The Loop

Jordan Spieth has a nickname that 'irritates him more than a three-putt bogey'

April 15, 2015

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Jordan Spieth has a nickname, one "that goes against the way he was raised and irritates him more than a three-putt bogey. Golden Child," Doug Ferguson of the Associated Press writes. "The stories have been told countless times, yet they are no less amazing…The first time he played with [Phil] Mickelson, he closed birdie-birdie-birdie-eagle for a 62. Playing with [Tiger] Woods for the first time in a practice round at the Presidents Cup, he made a hole-in-one. In his Masters debut, he played in the final group at age 20. And now a green jacket for the golden child."


Jordan Spieth is, as the headline to this Mark Cannizzaro column in the New York Post says, "the champion golf needed." "When Tiger Woods wins," he writes, "most of the time it's a celebrated event because he's been the biggest name in golf, but there are many who simply don't like him…You'll have an easier time holing a downhill putt on Augusta's ninth green than you will finding anyone to utter a negative word about Spieth."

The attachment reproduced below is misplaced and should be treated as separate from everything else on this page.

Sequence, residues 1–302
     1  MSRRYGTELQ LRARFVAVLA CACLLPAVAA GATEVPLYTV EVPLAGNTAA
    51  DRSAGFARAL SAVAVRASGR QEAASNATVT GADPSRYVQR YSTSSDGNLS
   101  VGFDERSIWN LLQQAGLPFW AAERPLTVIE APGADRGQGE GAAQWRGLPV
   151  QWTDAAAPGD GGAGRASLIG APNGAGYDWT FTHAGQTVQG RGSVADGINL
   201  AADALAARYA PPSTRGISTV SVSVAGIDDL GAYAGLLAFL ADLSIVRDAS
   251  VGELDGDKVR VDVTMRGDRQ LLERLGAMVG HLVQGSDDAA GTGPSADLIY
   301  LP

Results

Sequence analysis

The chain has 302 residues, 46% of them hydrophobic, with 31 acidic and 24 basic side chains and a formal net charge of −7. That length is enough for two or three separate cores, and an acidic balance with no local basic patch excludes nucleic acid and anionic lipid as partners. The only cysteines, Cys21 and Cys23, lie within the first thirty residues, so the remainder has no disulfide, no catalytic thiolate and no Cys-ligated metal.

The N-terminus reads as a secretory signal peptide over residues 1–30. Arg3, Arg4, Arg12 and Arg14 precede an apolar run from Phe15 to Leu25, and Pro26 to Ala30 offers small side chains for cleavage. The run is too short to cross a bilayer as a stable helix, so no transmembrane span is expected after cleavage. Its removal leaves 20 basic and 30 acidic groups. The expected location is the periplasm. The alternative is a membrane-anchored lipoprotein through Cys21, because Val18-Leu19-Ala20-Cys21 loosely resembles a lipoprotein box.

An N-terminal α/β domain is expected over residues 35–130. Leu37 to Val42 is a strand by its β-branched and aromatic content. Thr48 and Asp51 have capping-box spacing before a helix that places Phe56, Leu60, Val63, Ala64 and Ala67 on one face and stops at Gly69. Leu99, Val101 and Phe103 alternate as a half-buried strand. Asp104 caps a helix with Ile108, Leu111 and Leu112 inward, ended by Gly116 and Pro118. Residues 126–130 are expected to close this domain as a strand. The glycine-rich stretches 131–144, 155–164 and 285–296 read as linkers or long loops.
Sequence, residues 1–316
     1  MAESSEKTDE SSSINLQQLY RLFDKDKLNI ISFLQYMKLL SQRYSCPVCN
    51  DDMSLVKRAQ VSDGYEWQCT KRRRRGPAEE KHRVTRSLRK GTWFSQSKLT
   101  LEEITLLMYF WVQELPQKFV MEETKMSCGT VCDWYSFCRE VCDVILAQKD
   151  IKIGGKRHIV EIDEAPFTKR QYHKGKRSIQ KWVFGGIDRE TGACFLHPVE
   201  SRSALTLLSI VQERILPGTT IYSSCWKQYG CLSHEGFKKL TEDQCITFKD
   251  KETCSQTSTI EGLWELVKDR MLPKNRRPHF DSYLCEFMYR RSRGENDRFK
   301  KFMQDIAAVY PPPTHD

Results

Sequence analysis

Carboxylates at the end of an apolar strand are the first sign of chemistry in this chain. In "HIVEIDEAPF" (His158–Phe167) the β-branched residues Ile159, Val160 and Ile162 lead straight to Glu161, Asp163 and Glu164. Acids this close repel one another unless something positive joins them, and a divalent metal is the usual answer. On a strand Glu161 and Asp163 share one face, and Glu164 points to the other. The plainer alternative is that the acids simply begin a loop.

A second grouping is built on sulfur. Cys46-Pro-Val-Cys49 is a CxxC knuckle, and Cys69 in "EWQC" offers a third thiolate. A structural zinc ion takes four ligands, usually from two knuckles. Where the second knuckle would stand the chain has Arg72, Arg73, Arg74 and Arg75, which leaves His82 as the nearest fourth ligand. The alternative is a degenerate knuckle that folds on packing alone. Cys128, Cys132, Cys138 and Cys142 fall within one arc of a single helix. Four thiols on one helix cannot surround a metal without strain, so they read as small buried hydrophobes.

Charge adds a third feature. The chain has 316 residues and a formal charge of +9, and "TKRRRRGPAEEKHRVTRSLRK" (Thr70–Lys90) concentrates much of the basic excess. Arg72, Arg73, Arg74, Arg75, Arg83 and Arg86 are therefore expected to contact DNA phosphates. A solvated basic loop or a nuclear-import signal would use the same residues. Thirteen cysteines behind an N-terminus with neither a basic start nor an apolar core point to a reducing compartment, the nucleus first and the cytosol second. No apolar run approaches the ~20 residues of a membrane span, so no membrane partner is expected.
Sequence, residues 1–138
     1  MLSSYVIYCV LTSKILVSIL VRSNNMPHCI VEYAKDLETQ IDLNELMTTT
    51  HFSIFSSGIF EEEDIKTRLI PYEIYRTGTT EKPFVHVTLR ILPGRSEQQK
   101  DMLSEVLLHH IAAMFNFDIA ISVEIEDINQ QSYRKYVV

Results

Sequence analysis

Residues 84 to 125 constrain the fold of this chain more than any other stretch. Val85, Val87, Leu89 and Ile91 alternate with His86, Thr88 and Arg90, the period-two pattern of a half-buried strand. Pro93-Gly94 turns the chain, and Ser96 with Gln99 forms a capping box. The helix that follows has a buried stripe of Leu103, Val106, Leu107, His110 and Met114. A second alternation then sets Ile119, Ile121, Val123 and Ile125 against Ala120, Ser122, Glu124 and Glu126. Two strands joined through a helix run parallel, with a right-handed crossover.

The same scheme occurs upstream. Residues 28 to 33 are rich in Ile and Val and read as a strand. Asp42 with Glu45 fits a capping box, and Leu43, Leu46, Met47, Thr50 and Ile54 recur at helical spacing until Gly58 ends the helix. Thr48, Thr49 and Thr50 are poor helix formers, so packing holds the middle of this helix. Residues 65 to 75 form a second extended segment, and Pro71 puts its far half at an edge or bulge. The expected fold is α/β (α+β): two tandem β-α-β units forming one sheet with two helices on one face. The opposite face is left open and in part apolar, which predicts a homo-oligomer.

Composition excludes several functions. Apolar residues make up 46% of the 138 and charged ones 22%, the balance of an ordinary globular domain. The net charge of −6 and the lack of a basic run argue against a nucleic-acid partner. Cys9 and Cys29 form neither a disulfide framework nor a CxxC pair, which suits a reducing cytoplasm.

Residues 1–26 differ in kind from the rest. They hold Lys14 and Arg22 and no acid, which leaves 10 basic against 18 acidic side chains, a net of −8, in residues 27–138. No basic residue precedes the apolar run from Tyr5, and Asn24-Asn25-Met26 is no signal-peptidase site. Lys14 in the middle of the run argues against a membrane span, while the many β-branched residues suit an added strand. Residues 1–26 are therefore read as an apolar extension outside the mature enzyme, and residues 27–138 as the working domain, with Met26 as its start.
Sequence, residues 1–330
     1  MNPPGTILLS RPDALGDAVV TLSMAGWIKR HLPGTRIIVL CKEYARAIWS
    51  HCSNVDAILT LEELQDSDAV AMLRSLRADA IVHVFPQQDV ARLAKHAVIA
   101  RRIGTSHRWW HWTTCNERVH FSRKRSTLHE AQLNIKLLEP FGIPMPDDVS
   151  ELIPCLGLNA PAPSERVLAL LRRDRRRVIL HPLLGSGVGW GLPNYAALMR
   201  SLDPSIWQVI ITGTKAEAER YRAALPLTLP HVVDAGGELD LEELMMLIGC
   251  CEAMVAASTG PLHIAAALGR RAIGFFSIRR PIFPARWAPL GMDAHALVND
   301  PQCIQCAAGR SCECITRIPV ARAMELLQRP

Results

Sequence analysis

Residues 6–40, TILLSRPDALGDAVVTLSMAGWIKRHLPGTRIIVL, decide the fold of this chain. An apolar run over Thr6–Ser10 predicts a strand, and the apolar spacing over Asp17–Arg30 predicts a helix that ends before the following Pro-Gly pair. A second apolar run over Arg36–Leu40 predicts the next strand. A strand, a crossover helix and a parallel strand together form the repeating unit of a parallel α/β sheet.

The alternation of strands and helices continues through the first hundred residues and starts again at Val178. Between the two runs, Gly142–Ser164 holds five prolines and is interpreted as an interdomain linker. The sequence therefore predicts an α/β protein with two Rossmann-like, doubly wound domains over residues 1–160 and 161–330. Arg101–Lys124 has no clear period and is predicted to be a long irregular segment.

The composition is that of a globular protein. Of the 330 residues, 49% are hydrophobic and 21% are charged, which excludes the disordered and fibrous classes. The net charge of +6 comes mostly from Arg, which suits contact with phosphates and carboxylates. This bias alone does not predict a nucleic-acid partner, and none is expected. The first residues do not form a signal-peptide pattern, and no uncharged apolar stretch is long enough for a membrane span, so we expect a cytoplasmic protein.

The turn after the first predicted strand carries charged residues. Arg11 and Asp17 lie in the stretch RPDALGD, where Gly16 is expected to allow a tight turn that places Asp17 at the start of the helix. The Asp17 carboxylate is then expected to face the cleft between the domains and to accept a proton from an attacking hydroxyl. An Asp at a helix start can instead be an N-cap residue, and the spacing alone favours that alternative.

"Sporting America fell in love with [Spieth] because of his skill under pressure and his sheer bravura. The rest of America fell in love because of what happened after the winning putt was holed," Derek Lawrenson writes in the Daily Mail. "The 79th Masters attracted massive ratings in the USA and there is no surprise in that. They tuned in to watch as perfect a demonstration of sporting endeavour as you will ever behold. But they also tuned in to watch a man with a common touch and a depth of sincerity that reached into the heart of every household."


"Spieth's next major assignment will be the US Open at Chambers Bay in June but, after his four-shot success at Augusta National, he told The Scotsman that he already has one eye on this year's Claret Jug joust," Martin Dempster of the Scotsman writes. "To go to the home of golf and what I consider one of the coolest places in the world, with maybe the most knowledgeable fans in the world, as Masters champion is going to be really special,' admitted Spieth."


Rory McIlroy will have more than a single rival, Spieth, in the years ahead, Graeme McDowell said in this Phil Casey story in the Belfast Telegraph. "There are a lot of potential eras evolving," McDowell said. "Guys like Rickie Fowler and Dustin Johnson and Patrick Reed. I feel like the young blood is certainly strong here in the States as opposed to the rest of the world."